Sharing a spot

How does it feel to be a fly flinger? Heck, sometimes it feels fantastic. Wandering the shoreline of a lake or river with your favorite fishing buddy (or best dog in the world) catching trout, carp, walleye, catfish, white bass, smallmouth bass, crappie, gar, drum...shoot! Catching fish on the fly never gets old!

And when you're on...well, there is just no stoppin' you. Eventually people take notice of your catch rates. Fly fishing is already intriguing to most bystanders in this neck of the woods. Add mass quantities of hook sets, will draw even more spectators. In general, I would argue that a fly angler is more intriguing than a person sitting on the shoreline watching a bobber (not that there is anything wrong with that...just making an observation!). Just the other day we were catching white bass on the shores of the Missouri River when a father yelled over to his daughters on the neighboring beach, "Go watch that gentleman fly fish," he said after I hooked another white bass. Soon, four little girls, seven or eight years old, hurried over to see what I was catching. I caught another immediately, and they were in awe. "Cool dad! He just caught another fish! It was a white bass!"

I don't know about you, but it makes you feel pretty good. Yeah, you are getting kids excited about the outdoors, and fly fishing, but you almost feel like a celebrity. People want to watch you, ask you for advice, take your photo. And then, there are those who want to fish near you.

On that very evening, a different father-son team had hustled over to the bank, bobber rigs and minnows ready for action. I was fishing a point off the mouth of a small creek. Unfortunately for the father-son duo, there were fewer fish near their spot and they were much less active than the fish off the point. Plus, dusk was upon us. So there we were, landing fish, after fish, after fish and feeling really great until...I looked back toward the duo. Bobbers resting motionless in the water. Father and three year old son waiting patiently for a strike. Emotions sprung up in me like a sudden thunderstorm. A rush of selfishness suddenly filled my head. My face, flush with embarrassment for not being considerate to the pair 15 minutes before. And finally, concern/worry for the quickly falling sun. The tug of a larger white bass snapped me out of my stupor. My golden retriever helped me land the fish as I hurried into shore.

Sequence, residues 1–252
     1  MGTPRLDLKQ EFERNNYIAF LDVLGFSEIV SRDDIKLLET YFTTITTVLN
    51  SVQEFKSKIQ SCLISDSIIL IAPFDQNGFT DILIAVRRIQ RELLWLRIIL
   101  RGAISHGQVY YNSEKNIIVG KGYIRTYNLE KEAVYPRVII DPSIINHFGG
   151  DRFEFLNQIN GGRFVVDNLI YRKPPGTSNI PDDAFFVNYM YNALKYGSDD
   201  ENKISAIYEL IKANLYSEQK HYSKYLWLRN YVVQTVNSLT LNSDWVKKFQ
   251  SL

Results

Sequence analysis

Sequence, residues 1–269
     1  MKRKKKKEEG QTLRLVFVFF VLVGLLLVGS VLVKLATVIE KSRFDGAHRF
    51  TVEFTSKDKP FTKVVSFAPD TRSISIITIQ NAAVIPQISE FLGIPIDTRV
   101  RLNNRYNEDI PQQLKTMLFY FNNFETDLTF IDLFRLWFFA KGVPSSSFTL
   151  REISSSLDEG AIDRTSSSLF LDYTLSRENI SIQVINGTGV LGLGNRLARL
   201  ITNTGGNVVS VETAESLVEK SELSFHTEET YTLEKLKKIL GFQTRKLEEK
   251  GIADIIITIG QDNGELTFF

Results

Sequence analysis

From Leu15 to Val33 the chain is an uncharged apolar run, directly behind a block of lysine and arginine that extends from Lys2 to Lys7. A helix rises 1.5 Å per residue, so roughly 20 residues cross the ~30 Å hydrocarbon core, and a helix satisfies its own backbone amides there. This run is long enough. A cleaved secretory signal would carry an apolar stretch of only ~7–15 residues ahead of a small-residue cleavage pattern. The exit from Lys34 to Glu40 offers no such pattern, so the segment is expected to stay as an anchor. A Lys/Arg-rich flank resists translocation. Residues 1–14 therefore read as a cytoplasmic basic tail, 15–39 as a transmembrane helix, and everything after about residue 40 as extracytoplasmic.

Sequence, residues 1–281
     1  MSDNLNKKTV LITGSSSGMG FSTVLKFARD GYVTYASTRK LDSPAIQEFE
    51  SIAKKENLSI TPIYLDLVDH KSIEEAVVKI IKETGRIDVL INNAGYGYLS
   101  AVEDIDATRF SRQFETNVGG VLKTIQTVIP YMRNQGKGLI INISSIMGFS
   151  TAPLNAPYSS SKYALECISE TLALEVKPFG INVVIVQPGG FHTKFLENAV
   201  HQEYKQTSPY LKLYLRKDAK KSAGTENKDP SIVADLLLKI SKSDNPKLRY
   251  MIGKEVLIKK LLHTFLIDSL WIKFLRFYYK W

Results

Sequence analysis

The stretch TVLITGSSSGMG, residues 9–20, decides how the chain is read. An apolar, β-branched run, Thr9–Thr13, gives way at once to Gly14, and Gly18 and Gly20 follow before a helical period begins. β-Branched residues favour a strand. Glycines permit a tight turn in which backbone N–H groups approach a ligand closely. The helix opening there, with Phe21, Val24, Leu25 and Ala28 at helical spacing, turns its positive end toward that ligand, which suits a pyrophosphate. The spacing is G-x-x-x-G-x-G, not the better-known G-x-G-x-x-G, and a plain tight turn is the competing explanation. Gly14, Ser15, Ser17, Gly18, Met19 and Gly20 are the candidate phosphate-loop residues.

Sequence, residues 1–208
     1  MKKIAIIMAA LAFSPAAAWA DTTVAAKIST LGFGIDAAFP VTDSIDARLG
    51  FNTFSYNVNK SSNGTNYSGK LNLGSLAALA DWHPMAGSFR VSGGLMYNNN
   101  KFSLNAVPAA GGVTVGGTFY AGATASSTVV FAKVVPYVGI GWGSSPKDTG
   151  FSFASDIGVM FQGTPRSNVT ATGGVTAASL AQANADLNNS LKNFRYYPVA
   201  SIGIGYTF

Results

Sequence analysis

Me: Excuse me... Please come fish in this spot. This fish are stacked up out there.

Fishing Dad: Are you sure? You're having really good luck over there.

Me: I've caught enough fish. Hurry over before you run out of daylight.

Fishing Dad: Well we really do appreciate it!

They moved over, set up shop, and threw out a few lines. "We've been here three days, and haven't caught a fish yet," he told me. Now I really felt like a tool. My anxiety increased. "I hope they catch some fish," I thought. Not long after the first line went out, the bobber disappeared under the surface. Fishing dad set the hook into a nice smallmouth bass before Jr was in for a fight. The child's excitement was enough to make anyone smile. Not long after the smallie was released, a white bass had grabbed the bait on the other rod. This continued for the next 20 minutes and they were ecstatic!

The more people enjoying our natural resources will mean more working to conserve and preserve them in the future. Have you shared a hot spot with strangers lately? Would you if the opportunity presented itself? There are a few anglers at this shop that hope you will.